10 November

The First Collage Appreciation Cards. Gulp..Maria Did Great…

by Jon Katz

Emily Gold, artist and friend, was kind enough to come to the farm to give me a collage lesson a couple of weeks  ago.

Her own collage work is amazing. She gives very popular online classes on Zoom to people who want to learn and even provides a collage kit full of stuff to get people started. You can check out her blog here.

Last night, Maria and I said down with our cards and paper and pens and pencils and markers and made some cards. Maria did a lot better than I did, which is to be expected, but I don’t dislike my first Appreciation Card, which is on the right front (with the odd little bird).

In seconds, the table was littered with paper and pieces of paper and brushes and all kinds of pencils. A creative mess. We are not as organized as Emily.

It’s going out this week to one of the donors who helped support our refugee projects.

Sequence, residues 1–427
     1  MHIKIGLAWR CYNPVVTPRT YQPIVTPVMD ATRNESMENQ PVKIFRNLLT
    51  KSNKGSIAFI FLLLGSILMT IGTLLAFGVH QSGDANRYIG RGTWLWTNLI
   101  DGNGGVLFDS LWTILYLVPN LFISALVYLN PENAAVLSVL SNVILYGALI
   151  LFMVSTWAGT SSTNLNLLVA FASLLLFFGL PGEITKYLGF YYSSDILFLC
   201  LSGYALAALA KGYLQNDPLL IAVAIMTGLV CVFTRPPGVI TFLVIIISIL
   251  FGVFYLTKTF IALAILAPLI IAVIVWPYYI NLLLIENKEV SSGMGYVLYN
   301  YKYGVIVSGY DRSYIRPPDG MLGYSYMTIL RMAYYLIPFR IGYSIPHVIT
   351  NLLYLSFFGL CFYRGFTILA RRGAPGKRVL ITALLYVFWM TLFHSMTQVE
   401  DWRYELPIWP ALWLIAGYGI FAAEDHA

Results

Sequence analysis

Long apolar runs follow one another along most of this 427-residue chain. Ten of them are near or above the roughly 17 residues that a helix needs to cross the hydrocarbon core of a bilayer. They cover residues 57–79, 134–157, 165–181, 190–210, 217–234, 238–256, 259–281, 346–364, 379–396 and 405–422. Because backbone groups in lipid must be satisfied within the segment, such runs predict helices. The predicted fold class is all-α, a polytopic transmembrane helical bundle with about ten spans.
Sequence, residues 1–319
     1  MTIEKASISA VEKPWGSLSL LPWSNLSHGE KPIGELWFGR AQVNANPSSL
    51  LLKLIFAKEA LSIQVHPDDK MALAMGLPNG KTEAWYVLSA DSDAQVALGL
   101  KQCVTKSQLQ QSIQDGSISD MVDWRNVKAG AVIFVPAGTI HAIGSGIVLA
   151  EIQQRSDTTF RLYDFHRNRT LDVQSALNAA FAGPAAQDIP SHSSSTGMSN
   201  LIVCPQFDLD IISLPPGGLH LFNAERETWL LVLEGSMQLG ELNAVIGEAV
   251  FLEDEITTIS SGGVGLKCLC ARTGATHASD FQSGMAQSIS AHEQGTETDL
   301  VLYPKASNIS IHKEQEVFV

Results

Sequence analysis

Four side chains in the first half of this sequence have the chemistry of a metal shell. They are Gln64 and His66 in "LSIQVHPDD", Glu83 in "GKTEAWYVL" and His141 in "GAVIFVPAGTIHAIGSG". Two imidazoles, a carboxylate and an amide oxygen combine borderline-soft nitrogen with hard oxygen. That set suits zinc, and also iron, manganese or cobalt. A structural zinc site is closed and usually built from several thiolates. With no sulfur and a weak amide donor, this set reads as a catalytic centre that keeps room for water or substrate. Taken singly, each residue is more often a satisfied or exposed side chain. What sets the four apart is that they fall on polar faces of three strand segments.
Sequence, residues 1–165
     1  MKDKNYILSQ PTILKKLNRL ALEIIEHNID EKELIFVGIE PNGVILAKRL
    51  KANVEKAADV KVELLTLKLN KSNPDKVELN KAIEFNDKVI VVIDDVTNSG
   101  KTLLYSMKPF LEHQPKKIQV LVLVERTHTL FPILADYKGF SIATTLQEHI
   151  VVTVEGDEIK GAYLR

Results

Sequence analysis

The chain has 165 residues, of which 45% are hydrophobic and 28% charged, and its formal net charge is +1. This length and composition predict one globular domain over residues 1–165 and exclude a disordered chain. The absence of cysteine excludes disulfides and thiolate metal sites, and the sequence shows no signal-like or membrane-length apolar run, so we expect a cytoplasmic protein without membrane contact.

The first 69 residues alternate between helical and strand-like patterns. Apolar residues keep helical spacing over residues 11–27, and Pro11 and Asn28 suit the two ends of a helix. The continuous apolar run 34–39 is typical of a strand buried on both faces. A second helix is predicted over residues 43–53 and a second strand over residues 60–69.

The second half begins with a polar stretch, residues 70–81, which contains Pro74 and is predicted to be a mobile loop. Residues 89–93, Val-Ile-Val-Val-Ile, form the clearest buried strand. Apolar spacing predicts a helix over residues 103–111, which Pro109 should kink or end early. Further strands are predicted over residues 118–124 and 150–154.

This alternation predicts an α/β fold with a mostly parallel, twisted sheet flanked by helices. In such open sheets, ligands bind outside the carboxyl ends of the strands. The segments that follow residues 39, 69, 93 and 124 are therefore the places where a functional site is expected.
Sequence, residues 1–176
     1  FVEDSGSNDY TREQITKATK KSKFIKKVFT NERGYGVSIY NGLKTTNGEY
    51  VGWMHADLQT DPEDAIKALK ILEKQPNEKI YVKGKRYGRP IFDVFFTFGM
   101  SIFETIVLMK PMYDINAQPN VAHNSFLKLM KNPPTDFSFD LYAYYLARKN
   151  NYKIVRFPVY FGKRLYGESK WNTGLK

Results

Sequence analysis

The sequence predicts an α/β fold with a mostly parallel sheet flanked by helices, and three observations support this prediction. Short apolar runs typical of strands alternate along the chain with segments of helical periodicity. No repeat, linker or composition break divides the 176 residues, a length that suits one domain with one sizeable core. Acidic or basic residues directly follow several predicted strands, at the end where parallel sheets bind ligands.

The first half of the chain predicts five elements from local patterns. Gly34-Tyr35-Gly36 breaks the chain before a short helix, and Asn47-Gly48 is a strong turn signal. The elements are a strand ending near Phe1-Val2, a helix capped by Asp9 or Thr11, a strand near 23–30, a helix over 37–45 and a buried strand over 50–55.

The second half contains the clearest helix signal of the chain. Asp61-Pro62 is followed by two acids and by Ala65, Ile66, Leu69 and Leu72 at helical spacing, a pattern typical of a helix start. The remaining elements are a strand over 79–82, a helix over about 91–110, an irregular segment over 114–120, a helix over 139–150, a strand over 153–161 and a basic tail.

I’m a little tense doing the colleges, I remember Emily’s advice to just relax and let it flow. That’s hard for me but I’m getting there. Maria’s cards are great, but that is to be expected.

I like my card, but I can do better. One of the things I love about collage is this: if you mess up, you just paper the mistake over and incorporate it into the card.

Emily is still making my appreciation cards, and I can’t top that, but I will get better and better and sprinkle in my own cards every now and then.

We had a blast making these cards together. Thank you, Emily, you are the best. As to the Army of Good, get ready, one of these odd appreciation cards will soon be heading your way. I am lucky to be learning to many news things.

Bedlam Farm